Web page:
Scrolling the dozens of similar catchy turns of phrase tossed out by panelists and lecturers on Day One, I started to feel like every screenwriter feels when he discovers his studio executive just spent the weekend taking a McKee course.
You begin to hate Euclid for even coming up with a word for the arc.
Yeah, this stuff is helpful when you want to look cool. But it's really just another way of describing what you should already know. And while Duncan's phrase was RT'd by many, not one of them detailed what "just right" meant either to them or to the industry.
Also in a related "didn't you know that before you came here" category, we have…
Well, isn't that exactly what you'd expect them to say? I'm sure you could do a cut and paste using "British", "American" or "hot teenage" and be just as correct.
The whole reason conferences like Banff exist is that everybody is looking for a way to improve what's on TV, especially in the ways it impacts them directly.
Less charitable members of the Canadian talent contingent might secretly want to drape the Canwest delegation in smoked salmon and take them down the road to where the Grizzlies are fishing in order to improve the state of Canadian content. But I guess those on the panel are hoping there's still time for diplomacy.
Like catch phrases, the apple pie statement is always popular. But it never gets to the more important question of "How?".
Given all the like-minded talking that's gone on in the mountains over the years, you'd think Banff would have had some profound effect on the quality of television by now, but it hasn't. And that's because visionaries seldom concern themselves with how things really work.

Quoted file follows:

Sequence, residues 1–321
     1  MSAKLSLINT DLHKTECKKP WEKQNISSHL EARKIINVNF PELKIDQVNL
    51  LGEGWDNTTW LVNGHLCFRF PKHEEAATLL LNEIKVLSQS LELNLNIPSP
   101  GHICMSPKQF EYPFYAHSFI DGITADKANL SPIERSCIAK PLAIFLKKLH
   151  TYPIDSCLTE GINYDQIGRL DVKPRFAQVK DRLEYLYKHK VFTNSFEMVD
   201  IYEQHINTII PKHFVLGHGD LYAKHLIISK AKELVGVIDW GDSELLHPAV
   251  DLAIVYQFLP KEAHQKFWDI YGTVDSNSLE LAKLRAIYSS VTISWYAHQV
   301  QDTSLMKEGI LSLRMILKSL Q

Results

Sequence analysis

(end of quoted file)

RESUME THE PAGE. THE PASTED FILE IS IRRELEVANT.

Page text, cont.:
I've come home with notebooks overflowing with wisdom I've gained at NATPE, AFI, AFM, TIFF, Sundance and any number of smaller fests and markets. Bubbling with new ideas, I've barged into development offices with vast plans to reshape television, only to be told "That's not what we're doing this year" while being shown a promo for a new series about dancing hamsters.
There comes a point when you realize talk is cheap (unless you're affiliated with a good booking agent) and what you hear needs to be implemented and given some substance for it to be of any real value whatsoever.
And, by late afternoon, there seemed to be a deepening sense that there wasn't even a lot being said to get too excited about. That was exemplified by a tweet that must have been repeated or sent as new information more than 50 times as the day wore on.
Cute, whether or not it's true. But sadly just another Twitter viral.
Yet it's constant repetition among the conference participants indicated a desperation to use this Next Media platform in some way, in any way, to do some good or make something happen.
That's when I started thinking the glory that was once Banff had begun to fade. Maybe, like NATPE, it's reached a point where it needs to reinvent itself in order move on.
And when a member of the upper echelons sends a tweet like this…
…you can't help but get the impression that somebody didn't get the "how social media can enhance your brand" memo.
At the very least, what appears clear from a distance is that the people at the forefront of Next Media have yet to communicate its possibilities to the rest of the television community. What's more, nobody seems aware of what kind of impression is being made on those using a hash tag to eavesdrop their activities.
So far, there is little new and nothing to imply a brave new future is close at hand.
But maybe I'm just being contrary. Because as the sun set, somebody tweeted this…
Ahhhh! Somebody who gets how Canadian showbiz works. Maybe the old Banff isn't as lost as it might appear. Maybe next year, I should check it out.